Chef Michelle Bernstein filleted and preparedlionfish
for the cameras ofGood Morning America
as part of a segment, which airs
Wednesday, about the spread of the invasive species in Florida water.
Lionfish is a colorful predatory fish, native to Indo-Pacific waters, that has been spreading in the Caribbean and the southeastern United States. It reproduces quickly and feeds on native fish, posing a threat to native marine life and competing with indigenous predators. Eating it is one way to curb its threat, but handling the fish is no easy feat. Just ask Bernstein.
She had never worked with the fish and was surprised when producers brought it to her whole and alive.
"It was still breathing, it was still moving, and I was terrified," she said. "It kinda looks like a porcupine with these really sharp edges. It was really freaky, but it's a beautiful fish to look at."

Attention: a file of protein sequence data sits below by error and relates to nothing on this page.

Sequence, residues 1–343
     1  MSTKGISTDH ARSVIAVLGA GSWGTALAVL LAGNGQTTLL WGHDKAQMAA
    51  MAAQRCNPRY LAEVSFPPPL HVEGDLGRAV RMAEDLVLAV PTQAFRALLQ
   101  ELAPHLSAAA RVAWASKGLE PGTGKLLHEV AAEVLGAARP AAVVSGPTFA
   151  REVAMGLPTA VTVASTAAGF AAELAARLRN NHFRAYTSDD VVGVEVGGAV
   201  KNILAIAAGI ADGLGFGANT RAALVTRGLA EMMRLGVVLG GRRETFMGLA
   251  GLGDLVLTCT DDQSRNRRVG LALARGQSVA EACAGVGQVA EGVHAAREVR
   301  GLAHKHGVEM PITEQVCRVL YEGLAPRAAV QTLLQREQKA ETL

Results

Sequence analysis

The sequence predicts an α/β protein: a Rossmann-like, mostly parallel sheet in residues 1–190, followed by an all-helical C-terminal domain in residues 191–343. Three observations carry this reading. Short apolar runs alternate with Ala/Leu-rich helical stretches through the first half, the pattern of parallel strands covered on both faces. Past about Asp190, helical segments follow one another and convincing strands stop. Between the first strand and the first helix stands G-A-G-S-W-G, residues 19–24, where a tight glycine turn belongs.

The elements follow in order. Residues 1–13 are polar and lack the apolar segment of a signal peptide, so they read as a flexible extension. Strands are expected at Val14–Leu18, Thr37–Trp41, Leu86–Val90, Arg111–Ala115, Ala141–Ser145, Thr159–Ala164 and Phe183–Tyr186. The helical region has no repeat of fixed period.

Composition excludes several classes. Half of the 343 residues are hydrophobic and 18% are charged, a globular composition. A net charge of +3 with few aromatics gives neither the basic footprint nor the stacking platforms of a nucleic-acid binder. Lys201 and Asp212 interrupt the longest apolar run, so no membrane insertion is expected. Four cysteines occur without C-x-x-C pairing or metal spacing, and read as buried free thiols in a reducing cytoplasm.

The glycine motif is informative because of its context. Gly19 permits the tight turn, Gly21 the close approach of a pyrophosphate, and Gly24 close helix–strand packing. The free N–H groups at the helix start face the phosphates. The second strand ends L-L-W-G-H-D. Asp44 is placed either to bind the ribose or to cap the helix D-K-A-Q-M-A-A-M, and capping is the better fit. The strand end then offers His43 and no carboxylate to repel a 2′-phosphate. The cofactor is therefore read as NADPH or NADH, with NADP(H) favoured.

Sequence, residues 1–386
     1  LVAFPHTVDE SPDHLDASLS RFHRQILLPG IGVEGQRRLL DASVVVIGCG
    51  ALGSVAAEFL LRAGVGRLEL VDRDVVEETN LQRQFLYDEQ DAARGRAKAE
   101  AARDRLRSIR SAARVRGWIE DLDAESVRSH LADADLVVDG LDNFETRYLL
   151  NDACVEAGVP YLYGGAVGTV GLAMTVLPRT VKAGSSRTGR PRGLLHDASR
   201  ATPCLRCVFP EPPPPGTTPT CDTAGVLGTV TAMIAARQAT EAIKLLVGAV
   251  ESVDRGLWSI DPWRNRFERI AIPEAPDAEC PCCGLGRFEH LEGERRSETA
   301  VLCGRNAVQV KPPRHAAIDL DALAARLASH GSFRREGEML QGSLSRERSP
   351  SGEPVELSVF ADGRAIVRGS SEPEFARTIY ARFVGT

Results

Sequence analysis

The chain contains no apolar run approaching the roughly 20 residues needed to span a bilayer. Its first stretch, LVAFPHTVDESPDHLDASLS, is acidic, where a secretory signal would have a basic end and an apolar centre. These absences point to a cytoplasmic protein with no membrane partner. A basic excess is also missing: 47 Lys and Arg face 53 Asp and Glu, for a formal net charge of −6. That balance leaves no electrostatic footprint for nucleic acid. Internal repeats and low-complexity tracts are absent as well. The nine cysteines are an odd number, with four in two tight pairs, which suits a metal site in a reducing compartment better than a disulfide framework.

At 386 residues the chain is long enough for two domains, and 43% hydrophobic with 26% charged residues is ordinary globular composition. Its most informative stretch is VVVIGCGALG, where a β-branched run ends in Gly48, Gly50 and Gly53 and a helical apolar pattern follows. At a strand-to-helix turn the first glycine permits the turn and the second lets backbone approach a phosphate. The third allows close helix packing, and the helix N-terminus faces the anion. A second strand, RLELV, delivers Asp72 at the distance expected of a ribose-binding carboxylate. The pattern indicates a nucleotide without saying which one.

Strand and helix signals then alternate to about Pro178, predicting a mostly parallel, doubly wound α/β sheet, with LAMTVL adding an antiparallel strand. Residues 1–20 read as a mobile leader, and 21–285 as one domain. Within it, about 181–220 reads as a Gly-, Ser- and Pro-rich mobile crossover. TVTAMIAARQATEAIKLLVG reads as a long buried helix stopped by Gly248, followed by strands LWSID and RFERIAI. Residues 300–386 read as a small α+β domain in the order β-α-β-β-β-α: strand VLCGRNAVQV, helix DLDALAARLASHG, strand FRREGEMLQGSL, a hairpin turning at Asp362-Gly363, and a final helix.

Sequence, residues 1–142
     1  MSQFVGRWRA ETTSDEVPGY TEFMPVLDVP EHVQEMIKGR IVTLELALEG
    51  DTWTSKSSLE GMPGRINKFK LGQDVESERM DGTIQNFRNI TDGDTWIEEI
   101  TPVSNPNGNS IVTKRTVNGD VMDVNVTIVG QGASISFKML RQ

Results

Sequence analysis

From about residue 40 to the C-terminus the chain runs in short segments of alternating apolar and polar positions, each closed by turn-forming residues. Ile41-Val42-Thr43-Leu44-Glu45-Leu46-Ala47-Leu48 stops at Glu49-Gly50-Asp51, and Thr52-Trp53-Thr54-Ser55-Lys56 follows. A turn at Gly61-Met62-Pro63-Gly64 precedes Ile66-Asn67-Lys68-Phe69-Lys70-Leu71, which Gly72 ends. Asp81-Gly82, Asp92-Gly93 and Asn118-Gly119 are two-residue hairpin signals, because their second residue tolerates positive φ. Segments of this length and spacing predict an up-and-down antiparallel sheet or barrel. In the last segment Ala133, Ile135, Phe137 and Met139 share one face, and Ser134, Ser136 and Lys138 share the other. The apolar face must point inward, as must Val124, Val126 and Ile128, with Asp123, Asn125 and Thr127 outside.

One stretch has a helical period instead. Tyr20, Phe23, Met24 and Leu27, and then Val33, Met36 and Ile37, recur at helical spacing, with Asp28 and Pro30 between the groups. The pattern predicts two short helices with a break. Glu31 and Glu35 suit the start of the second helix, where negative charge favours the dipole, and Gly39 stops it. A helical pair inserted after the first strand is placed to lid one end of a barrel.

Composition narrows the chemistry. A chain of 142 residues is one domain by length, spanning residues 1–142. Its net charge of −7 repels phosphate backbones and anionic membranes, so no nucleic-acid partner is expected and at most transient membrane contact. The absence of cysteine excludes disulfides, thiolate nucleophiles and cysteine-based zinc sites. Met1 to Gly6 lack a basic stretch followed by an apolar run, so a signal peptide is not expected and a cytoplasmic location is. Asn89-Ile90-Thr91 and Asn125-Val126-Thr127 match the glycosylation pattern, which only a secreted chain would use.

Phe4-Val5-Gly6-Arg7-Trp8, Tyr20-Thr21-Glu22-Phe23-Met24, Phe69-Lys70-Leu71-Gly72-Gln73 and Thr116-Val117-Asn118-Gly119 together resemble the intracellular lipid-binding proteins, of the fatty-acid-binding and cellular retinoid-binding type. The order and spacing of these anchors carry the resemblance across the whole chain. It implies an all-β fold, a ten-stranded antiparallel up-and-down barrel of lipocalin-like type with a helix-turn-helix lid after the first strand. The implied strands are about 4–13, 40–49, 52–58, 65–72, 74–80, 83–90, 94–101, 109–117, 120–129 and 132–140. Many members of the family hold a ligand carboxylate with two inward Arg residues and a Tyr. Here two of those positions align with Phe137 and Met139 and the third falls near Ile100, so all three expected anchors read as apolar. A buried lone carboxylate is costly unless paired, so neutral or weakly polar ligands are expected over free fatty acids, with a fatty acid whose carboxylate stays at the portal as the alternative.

Lionfish have venomous glands and shouldn't be handled with bare hands. Bernstein said she threw the fish on ice to stun it before filleting it, fearful of getting her hand poked by its sharp edges. Then she sautéed it with mango and fish sauce.
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"As soon as I put it in the sauté pan, it started seizing up and it looked like it was going to be really stiff, but it was unbelievable -- tender and delicate like a sole. I was superimpressed with it. I had heard it was like grouper, but it's a lot more flaky."
Now that she's tasted it, Bernstein says she wants more and would add it to her menu if she knew a fisherman who could readily get it and clean it for her.
Don't miss her
tomorrow Wednesday at 7:30 a.m. on Good Morning America.